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Testing radiators for heat dissipation

chris@highpowermedia.com

There are a number of ways to evaluate the heat dissipation performance of a radiator. Some might prefer a computational approach using one of the many CFD codes available to model heat fluxes and fluid flows. However, since the geometry of a radiator is complex, requiring large amounts of computing power and detailed knowledge of how to use the software, this might be the least preferred approach, except by the CFD specialist with a suitable budget and the desire to get down into the...

Aerodynamics and the cooling system

chris@highpowermedia.com
The number one requirement of any cooling system is that it should be effective. By that I mean keeping the engine operating at its optimum working temperature for best overall performance, aligned to acceptable durability. At one time this was considered all that was needed, but vehicle manufacturers soon realised that while the pump used to circulate the coolant through the system absorbed useful engine power, the aerodynamic drag associated with the vehicle radiator (positioned as it...

The plastic intercooler

chris@highpowermedia.com
Modern engine intake air intercoolers are almost exclusively made from aluminium alloy. However, although aluminium has been chosen for its ability to dissipate heat efficiently rather than any other quality, this apparently unassailable characteristic is now being challenged. Strangely enough, this challenge is coming from the solar panel industry, where not only is the efficiency of heat transfer critical but also components have to last for 25 years or more. In the automotive world the...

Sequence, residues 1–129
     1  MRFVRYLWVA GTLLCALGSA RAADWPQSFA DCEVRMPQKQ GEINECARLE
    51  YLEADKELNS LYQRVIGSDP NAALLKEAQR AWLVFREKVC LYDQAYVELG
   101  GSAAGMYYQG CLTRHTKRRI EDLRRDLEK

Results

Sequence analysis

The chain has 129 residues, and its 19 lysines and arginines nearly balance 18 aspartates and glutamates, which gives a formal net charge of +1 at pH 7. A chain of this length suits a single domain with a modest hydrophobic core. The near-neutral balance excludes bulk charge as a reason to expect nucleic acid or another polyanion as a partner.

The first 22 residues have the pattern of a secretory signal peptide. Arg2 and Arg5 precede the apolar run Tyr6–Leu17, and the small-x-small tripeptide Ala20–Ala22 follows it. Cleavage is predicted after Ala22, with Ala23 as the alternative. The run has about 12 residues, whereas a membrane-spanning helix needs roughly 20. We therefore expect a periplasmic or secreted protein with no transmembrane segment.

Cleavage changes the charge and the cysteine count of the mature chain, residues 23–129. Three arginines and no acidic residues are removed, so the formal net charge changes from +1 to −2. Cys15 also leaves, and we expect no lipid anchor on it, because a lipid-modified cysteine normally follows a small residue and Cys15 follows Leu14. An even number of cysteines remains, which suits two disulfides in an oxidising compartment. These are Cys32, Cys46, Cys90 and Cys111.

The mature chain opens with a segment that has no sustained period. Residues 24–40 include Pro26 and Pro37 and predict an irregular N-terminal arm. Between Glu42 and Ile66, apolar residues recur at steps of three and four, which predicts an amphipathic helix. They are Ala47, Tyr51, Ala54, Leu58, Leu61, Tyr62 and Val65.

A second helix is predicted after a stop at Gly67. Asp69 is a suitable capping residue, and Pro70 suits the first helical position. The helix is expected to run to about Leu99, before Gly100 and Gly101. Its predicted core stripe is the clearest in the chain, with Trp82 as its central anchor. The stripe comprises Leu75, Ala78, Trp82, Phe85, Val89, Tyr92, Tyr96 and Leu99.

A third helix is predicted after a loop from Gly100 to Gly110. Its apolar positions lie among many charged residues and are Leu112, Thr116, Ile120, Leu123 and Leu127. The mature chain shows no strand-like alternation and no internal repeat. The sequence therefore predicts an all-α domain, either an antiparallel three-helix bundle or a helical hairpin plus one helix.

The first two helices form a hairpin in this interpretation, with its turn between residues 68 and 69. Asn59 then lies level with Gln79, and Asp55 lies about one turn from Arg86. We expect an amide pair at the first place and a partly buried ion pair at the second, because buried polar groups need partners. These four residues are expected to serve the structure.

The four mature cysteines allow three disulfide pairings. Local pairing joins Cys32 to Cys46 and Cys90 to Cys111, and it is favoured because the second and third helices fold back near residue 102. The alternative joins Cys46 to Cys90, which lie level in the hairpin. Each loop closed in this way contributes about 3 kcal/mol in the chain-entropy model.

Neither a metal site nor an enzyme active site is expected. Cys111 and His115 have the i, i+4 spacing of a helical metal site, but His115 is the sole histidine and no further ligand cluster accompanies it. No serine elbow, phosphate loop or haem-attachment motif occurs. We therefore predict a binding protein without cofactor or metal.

Hosing for posing

chris@highpowermedia.com
Over the years, many automotive parts have been made from rubber. Initially made from the latex of the rubber tree, the security of supply and the vast amounts needed during the 1920s and ’30s encouraged the development of synthetic alternatives. So while cooling system hoses may once have been made from any number of synthetic rubbers, these days they are restricted to more or less only two – ethylene propylene diene monomer (EPDM) and silicone. EPDM is the product preferred for...

Back to basics

chris@highpowermedia.com
When it comes to competition cars, more cases of overheating are caused by the installation of the vehicle heat exchanger than the choice of the heat exchanger itself. In such cases the cause of the problem is not in the selection of the matrix core or its size but in the way the unit is installed in the vehicle and the efficiency at which it gives up its heat to the passing air. It’s easy to determine the heat rejection of an engine: simply measure the temperature of the coolant going...
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